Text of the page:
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Should you be paying consumer use tax?

Dec 01, 2022

The holidays are here, and the purchases are plentiful.

This is a good reminder to review your invoices for sales tax. If the sales tax amount is missing, you might be liable for consumer use tax.

What is consumer use tax?

Consumer use tax is often overlooked and underreported due to various reasons, such as limited knowledge and inadequate internal controls. It’s defined as a tax the purchaser or end consumer should remit to the taxing jurisdiction when a seller/vendor does not collect sales tax on a taxable product. This also includes remitting any partial tax that was not fully collected by the seller due to an accounting error.

The onus is on the buyer. Consumer use tax should not be confused with seller use, vendor use or retailer use, as these taxes are similar in nature to sales tax and are collected and remitted by the seller.

Common misconceptions around consumer use tax

There are a couple of common misconceptions around consumer use tax that should be clarified to help your organization better understand the tax and your responsibilities.

First, if the vendor does not apply sales tax on the invoice, then that is their mistake. The vendor should have charged sales tax if it was due.

There are many reasons why a vendor may not have applied sales tax to an invoice, including:

  • The vendor may not be registered to collect and remit sales tax for the taxing jurisdiction. Therefore, the seller should not collect sales tax if they are not able to report it, as this could lead to serious penalties and legal issues for the vendor.
  • The vendor may also not fully understand the taxability rules for its products/services in other taxing jurisdictions. This misunderstanding could result in their invoicing system not being configured correctly to apply the correct sales tax.
  • The vendor may be a foreign company with no physical U.S. nexus. However, based on the states’ economic nexus statutes, there are no exceptions provided to foreign entities, and they should adhere to the same obligations as domestic entities. Enforcement of foreign entities can be difficult.

Regardless of the reason a vendor is not collecting tax, under most state use tax provisions, if the seller is not collecting the tax, then the buyer is obligated to report use tax on taxable goods/services.

Another misconception is that your organization may be considered a wholesaler and by definition is exempt from collecting and reporting sales tax, and therefore you believe you do not have to pay consumer use tax either.

Many manufacturers or distributors know that if their customers are resellers, no tax is required to be collected provided a valid resale or exemption certificate is received in good faith from the reseller.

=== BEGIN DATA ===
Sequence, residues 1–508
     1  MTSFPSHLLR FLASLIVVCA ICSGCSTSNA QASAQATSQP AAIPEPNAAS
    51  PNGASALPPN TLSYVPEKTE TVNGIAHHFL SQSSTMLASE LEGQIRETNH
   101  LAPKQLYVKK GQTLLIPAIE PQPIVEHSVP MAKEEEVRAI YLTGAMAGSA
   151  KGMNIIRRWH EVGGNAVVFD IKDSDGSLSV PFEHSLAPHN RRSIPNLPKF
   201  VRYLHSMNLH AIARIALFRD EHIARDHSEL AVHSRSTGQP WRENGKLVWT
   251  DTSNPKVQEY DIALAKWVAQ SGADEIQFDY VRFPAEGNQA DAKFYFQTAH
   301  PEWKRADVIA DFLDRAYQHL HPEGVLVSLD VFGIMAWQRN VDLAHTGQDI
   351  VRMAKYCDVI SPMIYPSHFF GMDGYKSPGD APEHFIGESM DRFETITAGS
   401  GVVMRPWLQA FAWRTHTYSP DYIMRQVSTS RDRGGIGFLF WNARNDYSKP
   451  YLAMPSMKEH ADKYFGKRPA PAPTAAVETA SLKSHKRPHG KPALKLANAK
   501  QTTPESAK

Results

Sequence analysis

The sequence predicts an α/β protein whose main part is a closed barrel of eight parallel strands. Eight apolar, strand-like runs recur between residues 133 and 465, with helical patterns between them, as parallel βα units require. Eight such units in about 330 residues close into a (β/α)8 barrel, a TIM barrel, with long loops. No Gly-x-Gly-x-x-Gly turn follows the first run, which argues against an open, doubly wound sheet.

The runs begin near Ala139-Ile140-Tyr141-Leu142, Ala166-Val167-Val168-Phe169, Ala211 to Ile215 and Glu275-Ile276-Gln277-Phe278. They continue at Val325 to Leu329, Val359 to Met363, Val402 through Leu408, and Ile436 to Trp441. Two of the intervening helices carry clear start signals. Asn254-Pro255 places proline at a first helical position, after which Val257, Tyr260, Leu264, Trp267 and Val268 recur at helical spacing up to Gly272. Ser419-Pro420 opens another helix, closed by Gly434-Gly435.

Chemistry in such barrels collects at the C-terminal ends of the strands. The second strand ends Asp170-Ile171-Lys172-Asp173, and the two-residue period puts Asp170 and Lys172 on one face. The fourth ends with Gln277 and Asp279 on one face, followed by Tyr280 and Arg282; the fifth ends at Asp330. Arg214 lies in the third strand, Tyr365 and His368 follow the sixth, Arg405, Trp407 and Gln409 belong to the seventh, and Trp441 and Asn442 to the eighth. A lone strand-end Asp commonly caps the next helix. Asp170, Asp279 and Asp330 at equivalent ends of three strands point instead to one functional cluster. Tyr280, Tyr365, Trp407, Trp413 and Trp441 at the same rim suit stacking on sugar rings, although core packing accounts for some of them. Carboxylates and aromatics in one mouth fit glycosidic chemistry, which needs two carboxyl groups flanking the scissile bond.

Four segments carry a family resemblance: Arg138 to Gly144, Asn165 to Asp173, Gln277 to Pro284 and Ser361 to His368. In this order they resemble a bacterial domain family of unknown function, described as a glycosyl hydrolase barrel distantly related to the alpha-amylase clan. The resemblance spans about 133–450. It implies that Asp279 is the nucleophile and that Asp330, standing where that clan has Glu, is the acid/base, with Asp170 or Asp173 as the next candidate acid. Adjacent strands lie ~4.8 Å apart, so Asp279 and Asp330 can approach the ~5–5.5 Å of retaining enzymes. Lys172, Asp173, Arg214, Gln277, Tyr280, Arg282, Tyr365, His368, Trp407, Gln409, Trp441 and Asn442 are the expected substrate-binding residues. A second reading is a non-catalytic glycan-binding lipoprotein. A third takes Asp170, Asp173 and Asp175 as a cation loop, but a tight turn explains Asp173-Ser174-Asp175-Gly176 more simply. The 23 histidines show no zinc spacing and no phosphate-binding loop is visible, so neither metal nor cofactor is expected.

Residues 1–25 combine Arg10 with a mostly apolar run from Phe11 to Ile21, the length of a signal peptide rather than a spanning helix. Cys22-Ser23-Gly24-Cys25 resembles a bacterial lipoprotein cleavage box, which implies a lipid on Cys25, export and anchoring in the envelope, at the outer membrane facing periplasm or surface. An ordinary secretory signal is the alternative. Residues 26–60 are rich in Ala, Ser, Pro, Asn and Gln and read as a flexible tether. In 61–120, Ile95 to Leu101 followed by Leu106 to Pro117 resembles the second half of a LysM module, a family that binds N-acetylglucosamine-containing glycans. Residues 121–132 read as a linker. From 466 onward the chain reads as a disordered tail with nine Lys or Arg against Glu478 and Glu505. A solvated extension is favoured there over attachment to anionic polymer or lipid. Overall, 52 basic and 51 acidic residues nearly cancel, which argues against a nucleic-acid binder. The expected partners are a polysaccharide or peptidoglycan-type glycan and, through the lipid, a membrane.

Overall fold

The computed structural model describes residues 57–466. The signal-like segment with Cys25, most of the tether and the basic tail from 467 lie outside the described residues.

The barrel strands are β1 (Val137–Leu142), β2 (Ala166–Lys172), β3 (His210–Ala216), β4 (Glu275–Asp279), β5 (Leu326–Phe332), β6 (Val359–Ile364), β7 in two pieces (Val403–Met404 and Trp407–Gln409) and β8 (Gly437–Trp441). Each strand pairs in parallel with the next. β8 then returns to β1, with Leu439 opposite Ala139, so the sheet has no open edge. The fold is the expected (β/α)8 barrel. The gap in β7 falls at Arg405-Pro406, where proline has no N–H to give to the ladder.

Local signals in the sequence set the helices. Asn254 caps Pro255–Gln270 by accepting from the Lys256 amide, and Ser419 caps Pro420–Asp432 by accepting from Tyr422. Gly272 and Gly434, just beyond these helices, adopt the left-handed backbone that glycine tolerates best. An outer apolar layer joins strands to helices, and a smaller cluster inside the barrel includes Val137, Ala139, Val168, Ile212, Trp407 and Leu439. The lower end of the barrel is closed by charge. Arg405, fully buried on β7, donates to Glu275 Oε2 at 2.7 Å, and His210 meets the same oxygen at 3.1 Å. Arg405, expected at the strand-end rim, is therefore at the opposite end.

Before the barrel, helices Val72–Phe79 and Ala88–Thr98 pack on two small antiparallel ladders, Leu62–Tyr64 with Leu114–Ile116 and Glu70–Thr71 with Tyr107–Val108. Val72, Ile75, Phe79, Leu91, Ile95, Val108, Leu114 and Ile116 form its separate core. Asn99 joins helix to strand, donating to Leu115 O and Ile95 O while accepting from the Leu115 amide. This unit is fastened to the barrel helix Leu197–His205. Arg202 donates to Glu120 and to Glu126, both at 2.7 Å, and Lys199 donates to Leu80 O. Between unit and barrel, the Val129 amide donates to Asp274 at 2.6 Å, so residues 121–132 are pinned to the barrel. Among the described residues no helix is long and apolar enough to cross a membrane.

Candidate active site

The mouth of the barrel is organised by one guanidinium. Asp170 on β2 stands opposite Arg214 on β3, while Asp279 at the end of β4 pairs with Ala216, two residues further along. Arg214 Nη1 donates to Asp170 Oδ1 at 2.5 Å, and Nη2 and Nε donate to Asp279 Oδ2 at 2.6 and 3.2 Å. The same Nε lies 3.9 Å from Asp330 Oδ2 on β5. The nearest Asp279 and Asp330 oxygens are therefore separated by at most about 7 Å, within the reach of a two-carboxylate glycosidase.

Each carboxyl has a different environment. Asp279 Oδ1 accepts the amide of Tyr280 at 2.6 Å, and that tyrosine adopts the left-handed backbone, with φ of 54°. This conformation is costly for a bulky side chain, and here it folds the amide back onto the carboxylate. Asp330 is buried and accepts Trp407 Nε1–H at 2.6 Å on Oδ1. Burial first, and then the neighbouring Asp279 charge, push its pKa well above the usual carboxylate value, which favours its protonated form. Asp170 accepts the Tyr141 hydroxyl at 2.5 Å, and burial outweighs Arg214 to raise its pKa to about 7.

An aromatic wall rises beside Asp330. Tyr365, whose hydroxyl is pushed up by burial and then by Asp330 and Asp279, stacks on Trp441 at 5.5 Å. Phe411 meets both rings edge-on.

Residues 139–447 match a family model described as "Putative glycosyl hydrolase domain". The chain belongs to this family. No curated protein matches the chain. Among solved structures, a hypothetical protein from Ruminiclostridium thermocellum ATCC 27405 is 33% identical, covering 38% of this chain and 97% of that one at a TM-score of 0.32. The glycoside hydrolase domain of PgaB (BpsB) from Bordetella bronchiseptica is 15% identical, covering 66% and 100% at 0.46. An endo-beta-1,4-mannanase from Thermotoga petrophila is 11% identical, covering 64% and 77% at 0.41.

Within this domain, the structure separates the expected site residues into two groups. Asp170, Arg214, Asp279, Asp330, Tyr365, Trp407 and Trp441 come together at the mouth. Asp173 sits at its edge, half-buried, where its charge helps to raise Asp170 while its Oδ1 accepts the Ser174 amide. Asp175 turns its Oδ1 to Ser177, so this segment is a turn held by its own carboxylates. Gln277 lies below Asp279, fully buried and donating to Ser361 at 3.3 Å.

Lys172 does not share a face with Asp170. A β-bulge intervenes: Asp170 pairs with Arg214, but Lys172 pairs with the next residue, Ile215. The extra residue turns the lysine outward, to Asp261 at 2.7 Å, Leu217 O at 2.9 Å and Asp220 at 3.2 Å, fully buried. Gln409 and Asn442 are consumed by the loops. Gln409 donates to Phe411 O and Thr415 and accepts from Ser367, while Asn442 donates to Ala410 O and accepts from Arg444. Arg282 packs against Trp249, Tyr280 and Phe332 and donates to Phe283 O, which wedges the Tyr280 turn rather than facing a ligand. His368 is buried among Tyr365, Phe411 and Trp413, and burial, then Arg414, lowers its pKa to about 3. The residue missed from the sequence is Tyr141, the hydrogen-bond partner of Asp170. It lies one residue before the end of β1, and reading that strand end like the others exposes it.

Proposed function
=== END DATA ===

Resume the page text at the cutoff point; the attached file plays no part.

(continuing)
However, if a wholesaler makes taxable purchases for its business operation, the company is considered the end user and is responsible to remit use tax to the extent not charged by the seller for the taxes.

Companies should be mindful that if a vendor does not collect the sales tax on taxable purchases, the company has an obligation to identify which of its purchases are taxable and remit use tax to the jurisdiction where the product or service is first used.

Keep in mind, there are other situations that would exempt a company from paying sales tax to a vendor and/or self-assessing consumer use tax on its taxable purchases. These are typically granted to governmental agencies, educational organizations, nonprofit charities, religious organizations, etc. You would need to contact your state’s sales tax division to see if your organization qualifies. These organizations must have a valid sales and use tax exemption permit by the taxing jurisdiction that should be readily available to present to vendors.

Tips to help you survive an audit

The lack of reporting consumer use tax is not isolated to specific companies of a certain size or industry. Nearly all companies make operating purchases resulting in a potential tax exposure.

For the companies lucky enough to avoid a sales and use tax audit, one of the major areas of review are the company’s purchases. Auditors will typically pull the vendor’s invoices and review the sales tax collected on taxable purchases. If sales tax was not collected, it’s the company’s burden to prove that the use tax was accrued and paid to the taxing jurisdiction.

It’s important to remember that the end consumer has the ultimate responsibility for reporting the tax if the vendor does not collect it on taxable products. Your company should not overlook its consumer use tax obligation and should implement a process to find such potential tax exposure.

Three tips:

  • Review vendor invoices to see whether sales tax was applied, and remember to validate the tax rate for accuracy.
  • Review current vendor contracts regarding the responsibility of tax, as the contract may specifically state that your company is responsible for assessing and reporting use tax.
  • If sales tax is not assessed on the vendor invoice, determine whether the items purchased are taxable. Do not assume they are nontaxable, as this excuse will not save you from the tax liability if audited.

Wipfli can help

Do you have consumer use tax responsibilities but aren’t quite sure how to get a handle on it? Wipfli’s tax specialists can help. Learn more.

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Keela Ross
SALT Director
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